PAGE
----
Background: Home mechanical ventilation is usually initiated in hospital. However, cost-effectiveness of inpatient set up has never been compared to outpatient adaptation in a randomized design. A Prospective, multicenter, non-inferiority trial was conducted comparing the effectiveness of adaptation to noninvasive mechanical ventilation (NIMV) performed in the ambulatory or hospital setting in patients with chronic respiratory failure secondary to restrictive thoracic disease, obesity-hypoventilation syndrome or neuromuscular disease. Methods: The study included 53 candidates for NIMV, randomized to ambulatory adaptation (AA) (n = 27) or hospital adaptation (HA) (n = 26). The patients' characteristics were recorded before establishing ventilation and at 1 and 6 months after. The main outcome variable was PaCO2 decrease at 6 months following initiation of NIMV. The direct costs of the two interventions were compared. Results: Before starting NIMV, PaCO2 was 50.4 ± 6.8 mmHg in the AA group and 50.3 ± 5.7 mmHg in the HA group. At 6 months of NIMV use, a significant improvement in PaCO2 relative to baseline was found in both groups: mean (95% CI) PaCO2 decrease was 4.9 (2.3; 7.4) mmHg in AA and 3.3 (1.4; 5.1) mmHg in HA. The direct calculated cost was 1500 euros per patient in AA and 2692 euros per patient in HA. Conclusions: Adaptation to NIMV in the ambulatory setting is not inferior to hospital adaptation in terms of therapeutic equivalence in stable patients with chronic respiratory failure secondary to restrictive thoracic disease, obesity-hypoventilation syndrome or neuromuscular disease. Outpatient adaptation may represent a cost saving for the healthcare system. © 2014 Elsevier Ltd. All rights reserved.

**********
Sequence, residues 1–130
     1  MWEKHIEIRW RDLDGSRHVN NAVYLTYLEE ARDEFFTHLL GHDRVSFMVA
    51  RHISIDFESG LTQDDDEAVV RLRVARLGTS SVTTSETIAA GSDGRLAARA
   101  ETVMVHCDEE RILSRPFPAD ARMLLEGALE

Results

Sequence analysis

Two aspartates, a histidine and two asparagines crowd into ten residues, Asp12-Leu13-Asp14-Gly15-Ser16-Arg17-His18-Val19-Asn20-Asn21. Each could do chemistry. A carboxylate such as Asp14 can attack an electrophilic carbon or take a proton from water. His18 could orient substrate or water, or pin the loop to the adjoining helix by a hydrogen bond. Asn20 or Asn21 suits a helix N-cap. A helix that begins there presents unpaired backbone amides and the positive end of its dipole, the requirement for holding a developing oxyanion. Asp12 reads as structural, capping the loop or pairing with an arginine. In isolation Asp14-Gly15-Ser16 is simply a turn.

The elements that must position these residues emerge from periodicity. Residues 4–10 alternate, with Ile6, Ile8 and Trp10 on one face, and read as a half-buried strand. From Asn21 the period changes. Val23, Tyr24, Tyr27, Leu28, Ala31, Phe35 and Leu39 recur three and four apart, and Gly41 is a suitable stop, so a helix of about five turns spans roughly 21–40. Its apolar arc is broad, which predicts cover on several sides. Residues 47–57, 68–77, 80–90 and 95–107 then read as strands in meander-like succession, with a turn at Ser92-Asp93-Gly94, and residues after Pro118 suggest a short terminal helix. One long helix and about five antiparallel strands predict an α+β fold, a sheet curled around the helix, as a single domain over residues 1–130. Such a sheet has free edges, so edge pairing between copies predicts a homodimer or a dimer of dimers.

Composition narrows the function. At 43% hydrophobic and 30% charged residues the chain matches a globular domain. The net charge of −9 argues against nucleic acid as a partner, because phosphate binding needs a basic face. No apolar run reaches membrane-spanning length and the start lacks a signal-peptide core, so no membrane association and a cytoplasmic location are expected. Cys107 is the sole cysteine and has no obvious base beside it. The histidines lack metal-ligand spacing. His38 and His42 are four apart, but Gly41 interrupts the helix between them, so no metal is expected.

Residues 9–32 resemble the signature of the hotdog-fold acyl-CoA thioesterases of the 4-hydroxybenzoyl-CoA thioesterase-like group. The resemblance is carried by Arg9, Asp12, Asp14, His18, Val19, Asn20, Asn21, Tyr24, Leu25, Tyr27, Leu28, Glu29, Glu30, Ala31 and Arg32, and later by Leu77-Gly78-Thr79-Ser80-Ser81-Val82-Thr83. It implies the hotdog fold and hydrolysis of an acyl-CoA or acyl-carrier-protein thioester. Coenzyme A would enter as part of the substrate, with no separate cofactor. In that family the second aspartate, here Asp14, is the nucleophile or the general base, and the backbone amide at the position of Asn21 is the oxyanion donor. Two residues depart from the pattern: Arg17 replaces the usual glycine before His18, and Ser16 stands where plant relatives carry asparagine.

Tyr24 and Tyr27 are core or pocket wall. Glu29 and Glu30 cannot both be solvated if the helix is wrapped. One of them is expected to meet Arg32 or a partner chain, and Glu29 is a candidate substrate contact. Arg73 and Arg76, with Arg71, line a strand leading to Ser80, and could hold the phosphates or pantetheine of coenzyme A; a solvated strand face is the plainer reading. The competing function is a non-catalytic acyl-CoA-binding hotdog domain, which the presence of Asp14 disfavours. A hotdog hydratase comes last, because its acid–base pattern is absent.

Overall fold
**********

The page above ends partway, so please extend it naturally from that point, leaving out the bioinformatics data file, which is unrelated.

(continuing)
|Publication status||Published - 1 Jan 2014|
- Ambulatory adaptation
- Chest wall disease
- Neuromuscular disease
- Noninvasive ventilation